[RFC weston] compositor: optimize/simplify shaders

Pekka Paalanen ppaalanen at gmail.com
Tue Aug 28 06:27:13 PDT 2012

On Mon, 27 Aug 2012 17:03:10 +0300
Pekka Paalanen <ppaalanen at gmail.com> wrote:

> Hi Rob,
> I've started reviewing your patch and fixing the remaining bugs. So far
> I think I got most of the blend/opaque region stuff sorted out. I
> haven't still gotten to the geometry, where I can trigger visual bugs
> with and without getting your TODO printouts.
> I'm guessing the xwayland surfaces will come and haunt us, because I
> think they contain both an opaque region with undefined alpha values,
> and opaque and non-opaque regions with valid alpha values.I haven't
> even tested them yet, but I guess a quick fix would be to paint opaque
> regions always with a shader that forces texture alpha to 1.0. Would it
> better as a different shader program or a uniform flag for a shader, I
> don't know.
> I'm not sure we should have nested functions in Weston code base. Also
> like you noted, compositor_wayland.c does not build anymore.
> Here's my WIP tree that may be rebased!

The tree is still here and updated:
I don't think I will be rebasing it anymore.

I merged Rob's updates there.

Rob, I will leave cleaning up the series for you, once we are done. You
probably want to squash some things etc.

> I should get to reviewing the geometry tomorrow.

I started on geometry, and wrote a simple debug feature:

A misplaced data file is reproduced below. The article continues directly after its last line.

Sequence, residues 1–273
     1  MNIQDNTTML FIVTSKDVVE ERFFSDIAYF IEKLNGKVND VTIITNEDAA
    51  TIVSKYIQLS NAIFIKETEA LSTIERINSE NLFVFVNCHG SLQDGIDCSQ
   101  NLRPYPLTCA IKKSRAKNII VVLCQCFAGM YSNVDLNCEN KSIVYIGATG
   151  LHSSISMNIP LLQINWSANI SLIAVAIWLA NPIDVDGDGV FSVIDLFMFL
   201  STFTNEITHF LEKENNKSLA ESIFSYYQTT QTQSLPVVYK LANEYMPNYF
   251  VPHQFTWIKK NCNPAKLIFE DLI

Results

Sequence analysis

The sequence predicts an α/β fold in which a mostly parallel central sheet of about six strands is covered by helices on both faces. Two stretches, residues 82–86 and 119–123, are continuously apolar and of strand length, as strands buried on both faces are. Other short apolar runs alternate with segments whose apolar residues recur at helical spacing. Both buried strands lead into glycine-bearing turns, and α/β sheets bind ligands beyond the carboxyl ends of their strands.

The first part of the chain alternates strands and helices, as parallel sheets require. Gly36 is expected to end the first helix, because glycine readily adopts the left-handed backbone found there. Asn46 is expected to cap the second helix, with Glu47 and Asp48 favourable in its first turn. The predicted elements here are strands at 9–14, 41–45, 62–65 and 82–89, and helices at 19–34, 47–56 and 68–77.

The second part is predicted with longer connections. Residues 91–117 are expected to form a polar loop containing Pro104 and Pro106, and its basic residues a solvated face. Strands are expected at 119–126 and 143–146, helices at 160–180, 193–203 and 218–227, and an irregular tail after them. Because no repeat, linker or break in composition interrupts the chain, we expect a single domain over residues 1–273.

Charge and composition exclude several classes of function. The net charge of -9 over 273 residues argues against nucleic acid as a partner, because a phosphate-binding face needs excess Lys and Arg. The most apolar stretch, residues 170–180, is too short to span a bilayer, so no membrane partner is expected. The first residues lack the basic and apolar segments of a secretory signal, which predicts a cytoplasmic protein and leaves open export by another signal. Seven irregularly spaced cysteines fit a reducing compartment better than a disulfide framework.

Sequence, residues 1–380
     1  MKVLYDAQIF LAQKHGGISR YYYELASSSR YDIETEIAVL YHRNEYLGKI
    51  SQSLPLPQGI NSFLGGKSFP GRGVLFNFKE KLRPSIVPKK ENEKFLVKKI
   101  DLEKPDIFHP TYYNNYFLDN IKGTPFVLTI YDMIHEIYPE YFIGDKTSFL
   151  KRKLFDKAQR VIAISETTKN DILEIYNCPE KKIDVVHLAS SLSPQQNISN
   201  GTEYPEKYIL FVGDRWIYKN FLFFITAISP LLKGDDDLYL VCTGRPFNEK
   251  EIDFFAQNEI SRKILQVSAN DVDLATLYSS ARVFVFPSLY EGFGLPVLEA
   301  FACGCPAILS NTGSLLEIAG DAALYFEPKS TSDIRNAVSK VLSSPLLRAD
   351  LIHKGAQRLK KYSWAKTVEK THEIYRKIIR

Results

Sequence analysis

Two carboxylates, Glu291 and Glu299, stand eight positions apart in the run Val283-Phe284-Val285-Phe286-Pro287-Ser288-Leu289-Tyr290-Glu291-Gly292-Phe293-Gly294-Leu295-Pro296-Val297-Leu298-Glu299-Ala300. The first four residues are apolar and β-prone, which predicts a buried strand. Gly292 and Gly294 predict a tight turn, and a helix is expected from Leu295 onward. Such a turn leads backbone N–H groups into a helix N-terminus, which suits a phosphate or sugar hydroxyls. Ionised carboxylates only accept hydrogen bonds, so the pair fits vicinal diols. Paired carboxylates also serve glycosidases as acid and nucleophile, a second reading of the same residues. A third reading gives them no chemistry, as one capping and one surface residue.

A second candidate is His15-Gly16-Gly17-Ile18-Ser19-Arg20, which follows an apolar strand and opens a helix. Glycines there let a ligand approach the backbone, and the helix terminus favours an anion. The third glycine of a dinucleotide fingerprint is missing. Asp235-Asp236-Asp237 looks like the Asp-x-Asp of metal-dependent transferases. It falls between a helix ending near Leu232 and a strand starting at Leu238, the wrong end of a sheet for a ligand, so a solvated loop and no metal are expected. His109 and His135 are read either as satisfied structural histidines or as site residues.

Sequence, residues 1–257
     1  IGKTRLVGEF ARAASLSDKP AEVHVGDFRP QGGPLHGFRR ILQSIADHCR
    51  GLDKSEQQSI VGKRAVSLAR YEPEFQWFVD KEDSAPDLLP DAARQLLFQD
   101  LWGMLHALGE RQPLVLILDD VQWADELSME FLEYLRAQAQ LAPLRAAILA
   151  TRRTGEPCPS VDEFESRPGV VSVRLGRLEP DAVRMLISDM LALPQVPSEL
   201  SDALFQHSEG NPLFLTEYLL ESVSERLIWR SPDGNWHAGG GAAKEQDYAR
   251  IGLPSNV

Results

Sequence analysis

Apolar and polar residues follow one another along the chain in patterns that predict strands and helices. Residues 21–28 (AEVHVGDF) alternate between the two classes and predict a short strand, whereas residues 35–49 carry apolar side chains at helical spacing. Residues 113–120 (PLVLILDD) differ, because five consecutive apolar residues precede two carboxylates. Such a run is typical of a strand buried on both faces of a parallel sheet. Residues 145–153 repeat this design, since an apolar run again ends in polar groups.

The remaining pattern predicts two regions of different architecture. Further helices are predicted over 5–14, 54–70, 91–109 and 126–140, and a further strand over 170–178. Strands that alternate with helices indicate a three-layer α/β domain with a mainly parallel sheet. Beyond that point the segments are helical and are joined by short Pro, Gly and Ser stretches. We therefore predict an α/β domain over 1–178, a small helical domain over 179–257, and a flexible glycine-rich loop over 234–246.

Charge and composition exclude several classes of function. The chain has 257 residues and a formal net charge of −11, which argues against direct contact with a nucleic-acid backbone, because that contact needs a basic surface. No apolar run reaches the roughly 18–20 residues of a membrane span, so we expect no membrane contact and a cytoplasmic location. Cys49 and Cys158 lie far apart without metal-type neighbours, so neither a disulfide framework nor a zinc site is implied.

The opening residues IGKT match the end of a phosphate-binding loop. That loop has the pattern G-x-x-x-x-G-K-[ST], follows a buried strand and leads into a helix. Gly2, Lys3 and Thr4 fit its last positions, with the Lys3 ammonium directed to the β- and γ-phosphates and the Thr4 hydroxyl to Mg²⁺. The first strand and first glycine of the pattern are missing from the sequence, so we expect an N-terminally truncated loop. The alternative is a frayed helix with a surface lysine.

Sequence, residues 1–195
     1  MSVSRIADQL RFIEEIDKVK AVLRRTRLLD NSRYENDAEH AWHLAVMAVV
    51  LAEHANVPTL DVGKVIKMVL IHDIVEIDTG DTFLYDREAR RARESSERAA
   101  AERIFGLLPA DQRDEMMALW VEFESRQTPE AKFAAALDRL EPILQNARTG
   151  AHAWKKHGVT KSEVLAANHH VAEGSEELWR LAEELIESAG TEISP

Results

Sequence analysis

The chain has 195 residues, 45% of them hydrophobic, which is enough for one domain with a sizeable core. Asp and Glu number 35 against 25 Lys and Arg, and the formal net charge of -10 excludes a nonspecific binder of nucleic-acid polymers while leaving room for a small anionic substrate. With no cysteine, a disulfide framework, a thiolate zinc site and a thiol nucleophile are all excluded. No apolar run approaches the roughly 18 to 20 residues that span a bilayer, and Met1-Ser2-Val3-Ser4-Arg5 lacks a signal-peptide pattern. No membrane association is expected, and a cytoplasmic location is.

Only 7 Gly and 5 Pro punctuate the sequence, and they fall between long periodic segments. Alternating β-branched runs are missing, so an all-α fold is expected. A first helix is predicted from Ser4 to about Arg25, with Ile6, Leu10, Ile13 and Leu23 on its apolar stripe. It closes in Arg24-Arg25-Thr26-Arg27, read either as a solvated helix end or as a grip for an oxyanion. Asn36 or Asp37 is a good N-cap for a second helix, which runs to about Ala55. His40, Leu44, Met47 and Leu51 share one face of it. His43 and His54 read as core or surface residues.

It draws the triangle edges. It's quite fun in realtime, apart from
leaving a mess on the screen.

When I was reading through the x1==x2 and y1==y2 special cases in
calculate_edges(), I had the feeling the polygon winding order might
get wrong sometimes. Also looking at it on paper I was certain I should
be getting those TODO messages.

Turned out the (!es->transform.enabled) special case was hiding all
that. When forcing the transformed path, there's obviously something
not quite right:

That is in my git branch, too.

There is also room for a simplification: as the intersection of two
rectangles is guaranteed to be convex, we don't need the "center point"
vertex, we can simply use any vertex on the perimeter. This should make
the usual case of an aligned rectangle to collapse into two triangles
instead of the current four, and work fine for all cases.

And I still haven't gotten to the complex parts yet :-P

- pq

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